Cyclosporine is administered different than methotrexate. I took 20 milligrams of the MTX weekly, all on one day every seven days, 10 milligrams in the morning and 10 at night. The tiny pills contained only 2.5 milligrams each, so that meant 4 pills in the morning and 4 pills at night on the same day each week. Cyclosporine, on the other hand, is prescribed in a weight-sensitive dosage for twice daily consumption. According to the package literature that came with my Neoral, the recommended minimum dosage of cyclosporine for treating psoriasis is 2.5 mg/kg/day. That is, 2.5 milligrams of drug per kilogram of body weight per day. 1 pound equals .45 kilograms, so the formula for determining recommended minimum dosage is:

((body weight in pounds X .45) X 2.5 mg = daily minimum dosage

For me the formula works out:

((190 X .45) X 2.5 = 214 milligrams daily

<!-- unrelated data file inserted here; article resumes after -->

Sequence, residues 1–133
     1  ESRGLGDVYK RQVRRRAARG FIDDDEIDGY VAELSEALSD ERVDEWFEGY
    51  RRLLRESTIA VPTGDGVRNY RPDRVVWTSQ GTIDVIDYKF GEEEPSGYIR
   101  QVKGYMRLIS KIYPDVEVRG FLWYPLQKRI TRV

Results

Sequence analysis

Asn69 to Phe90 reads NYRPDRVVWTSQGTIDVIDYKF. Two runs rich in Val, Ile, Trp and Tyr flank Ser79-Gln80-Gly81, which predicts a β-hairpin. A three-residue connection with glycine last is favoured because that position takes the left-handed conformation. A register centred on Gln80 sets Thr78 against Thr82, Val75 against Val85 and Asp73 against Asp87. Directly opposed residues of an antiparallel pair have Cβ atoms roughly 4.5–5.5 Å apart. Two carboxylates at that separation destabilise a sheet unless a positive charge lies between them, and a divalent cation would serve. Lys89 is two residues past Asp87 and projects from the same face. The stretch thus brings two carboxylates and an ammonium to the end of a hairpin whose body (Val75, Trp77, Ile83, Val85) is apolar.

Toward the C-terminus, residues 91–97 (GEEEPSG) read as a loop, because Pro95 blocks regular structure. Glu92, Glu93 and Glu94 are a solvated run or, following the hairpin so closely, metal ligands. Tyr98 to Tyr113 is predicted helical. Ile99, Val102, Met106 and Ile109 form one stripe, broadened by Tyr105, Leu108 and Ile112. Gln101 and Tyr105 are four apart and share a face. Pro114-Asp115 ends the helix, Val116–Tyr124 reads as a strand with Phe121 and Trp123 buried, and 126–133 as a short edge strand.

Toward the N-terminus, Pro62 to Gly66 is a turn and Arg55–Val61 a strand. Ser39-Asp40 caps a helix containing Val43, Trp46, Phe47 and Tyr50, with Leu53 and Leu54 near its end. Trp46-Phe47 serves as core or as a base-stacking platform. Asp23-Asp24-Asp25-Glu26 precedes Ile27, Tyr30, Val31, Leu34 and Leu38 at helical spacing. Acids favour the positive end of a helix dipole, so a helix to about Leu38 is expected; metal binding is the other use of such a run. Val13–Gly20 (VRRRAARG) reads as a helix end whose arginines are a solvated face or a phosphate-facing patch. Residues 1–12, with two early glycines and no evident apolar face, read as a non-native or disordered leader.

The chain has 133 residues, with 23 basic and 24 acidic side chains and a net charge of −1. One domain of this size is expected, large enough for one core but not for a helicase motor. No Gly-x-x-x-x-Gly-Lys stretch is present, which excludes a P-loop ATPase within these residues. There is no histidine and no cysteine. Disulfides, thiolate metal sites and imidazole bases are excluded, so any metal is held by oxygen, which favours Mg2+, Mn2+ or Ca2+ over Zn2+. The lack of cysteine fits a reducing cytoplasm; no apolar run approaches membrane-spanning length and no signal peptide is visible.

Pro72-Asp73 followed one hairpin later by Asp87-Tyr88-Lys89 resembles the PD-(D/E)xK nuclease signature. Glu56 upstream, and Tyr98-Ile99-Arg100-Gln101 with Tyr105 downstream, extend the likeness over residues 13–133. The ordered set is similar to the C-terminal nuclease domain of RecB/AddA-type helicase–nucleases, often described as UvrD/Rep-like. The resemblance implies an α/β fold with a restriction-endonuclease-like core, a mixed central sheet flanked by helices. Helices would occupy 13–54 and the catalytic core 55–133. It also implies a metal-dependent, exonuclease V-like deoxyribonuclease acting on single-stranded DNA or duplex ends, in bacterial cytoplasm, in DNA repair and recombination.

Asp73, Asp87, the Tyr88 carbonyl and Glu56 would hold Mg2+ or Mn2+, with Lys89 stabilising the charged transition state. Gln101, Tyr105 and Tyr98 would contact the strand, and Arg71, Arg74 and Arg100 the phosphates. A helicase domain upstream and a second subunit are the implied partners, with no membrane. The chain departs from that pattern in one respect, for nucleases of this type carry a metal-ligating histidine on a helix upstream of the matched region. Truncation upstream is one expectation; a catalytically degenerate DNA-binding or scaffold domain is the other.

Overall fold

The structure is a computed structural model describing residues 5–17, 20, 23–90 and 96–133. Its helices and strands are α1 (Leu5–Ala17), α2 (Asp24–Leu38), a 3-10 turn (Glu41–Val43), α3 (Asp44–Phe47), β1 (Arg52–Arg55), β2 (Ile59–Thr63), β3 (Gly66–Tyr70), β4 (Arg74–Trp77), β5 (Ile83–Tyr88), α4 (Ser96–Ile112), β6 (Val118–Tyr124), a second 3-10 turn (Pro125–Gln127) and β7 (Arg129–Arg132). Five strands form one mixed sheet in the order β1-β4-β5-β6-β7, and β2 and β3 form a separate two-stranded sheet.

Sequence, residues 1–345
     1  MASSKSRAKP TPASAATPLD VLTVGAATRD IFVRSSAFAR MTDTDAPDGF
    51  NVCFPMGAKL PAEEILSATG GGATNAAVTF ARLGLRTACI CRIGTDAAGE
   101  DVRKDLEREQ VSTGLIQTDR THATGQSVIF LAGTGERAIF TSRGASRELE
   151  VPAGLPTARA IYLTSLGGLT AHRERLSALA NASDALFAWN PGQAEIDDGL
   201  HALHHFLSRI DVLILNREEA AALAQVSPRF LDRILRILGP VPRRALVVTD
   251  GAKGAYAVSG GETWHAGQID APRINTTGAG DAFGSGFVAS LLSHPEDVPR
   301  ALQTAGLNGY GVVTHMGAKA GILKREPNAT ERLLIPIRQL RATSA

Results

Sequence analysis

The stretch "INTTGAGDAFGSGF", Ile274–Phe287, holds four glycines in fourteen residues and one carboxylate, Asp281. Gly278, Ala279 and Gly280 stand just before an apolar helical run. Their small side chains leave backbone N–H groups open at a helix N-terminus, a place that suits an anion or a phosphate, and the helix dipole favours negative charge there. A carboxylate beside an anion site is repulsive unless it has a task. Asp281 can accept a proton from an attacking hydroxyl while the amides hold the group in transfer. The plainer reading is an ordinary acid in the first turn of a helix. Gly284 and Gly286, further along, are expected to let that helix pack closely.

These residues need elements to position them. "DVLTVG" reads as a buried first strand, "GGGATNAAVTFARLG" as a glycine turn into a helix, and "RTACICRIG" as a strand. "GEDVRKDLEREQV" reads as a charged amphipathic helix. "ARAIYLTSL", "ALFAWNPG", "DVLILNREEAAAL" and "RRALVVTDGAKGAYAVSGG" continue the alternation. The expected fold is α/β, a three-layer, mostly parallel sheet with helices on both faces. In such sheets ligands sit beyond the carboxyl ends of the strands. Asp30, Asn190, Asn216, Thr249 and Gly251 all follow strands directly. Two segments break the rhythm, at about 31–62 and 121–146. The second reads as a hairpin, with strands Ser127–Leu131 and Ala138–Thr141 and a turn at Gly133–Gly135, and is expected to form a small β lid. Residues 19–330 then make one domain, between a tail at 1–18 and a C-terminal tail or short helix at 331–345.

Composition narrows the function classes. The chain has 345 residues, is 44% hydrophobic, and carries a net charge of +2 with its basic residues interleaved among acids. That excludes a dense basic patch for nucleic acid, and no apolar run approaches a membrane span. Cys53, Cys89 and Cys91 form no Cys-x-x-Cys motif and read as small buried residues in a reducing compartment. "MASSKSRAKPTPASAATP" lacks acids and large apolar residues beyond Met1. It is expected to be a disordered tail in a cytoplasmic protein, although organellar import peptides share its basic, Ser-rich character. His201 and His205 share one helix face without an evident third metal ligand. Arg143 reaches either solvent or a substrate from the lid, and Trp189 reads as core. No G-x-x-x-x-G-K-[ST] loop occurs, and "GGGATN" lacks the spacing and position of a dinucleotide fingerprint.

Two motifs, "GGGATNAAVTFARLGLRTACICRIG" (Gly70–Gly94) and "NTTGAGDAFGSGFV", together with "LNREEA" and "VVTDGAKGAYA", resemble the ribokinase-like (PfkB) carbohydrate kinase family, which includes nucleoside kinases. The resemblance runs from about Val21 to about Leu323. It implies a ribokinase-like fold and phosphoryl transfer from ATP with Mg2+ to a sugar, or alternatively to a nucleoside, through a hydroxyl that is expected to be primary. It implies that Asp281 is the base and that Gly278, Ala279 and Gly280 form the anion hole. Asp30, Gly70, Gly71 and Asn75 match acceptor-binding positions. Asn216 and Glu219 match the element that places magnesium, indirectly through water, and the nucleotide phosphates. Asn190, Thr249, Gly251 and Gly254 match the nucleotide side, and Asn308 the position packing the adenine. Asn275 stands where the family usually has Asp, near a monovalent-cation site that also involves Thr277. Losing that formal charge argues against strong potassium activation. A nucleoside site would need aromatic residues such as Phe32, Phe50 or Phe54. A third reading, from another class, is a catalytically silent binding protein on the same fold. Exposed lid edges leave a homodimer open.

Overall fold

I have been prescribed 200 milligrams daily, taken as one 100 mg gel capsule in the morning upon getting up and a second 100 mg gel capsule in the evening before bed.

The Neoral package literature goes on to say that this dosage can be increased (after four weeks, and then more on a provided schedule) to up to 4 mg/kg/day (for me that would be 342 milligrams daily).

Cyclosporine is classified as an immunosuppressive agent containing eleven amino acids. It is produced as a metabolite by the fungus species Beauveria nivea. It represses the body's tendency to reject foreign tissue and its first use was for organ transplant recipients. Here's what the Neoral package insert says about adverse reactions when cyclosporine is used to treat psoriasis:

The principal adverse reactions associated with the use of cyclosporine in patients with psoriasis are renal dysfunction, headache, hypertension, hypertriglyceridemia, hirsutism/hypertrichosis, paresthesia or hyperesthesia, influenza-like symptoms, nausea/vomiting, diarrhea, abdominal discomfort, lethargy and musculoskeletal or joint pain.

In psoriasis patients treated in U.S. controlled clinical studies within the recommended dose range, cyclosporine therapy was discontinued in 1.0% of the patients because of hypertension and in 5.4% of the patients because of increased creatinine. In the majority of cases, these changes were reversible after dose reduction or discontinuation of cyclosporine.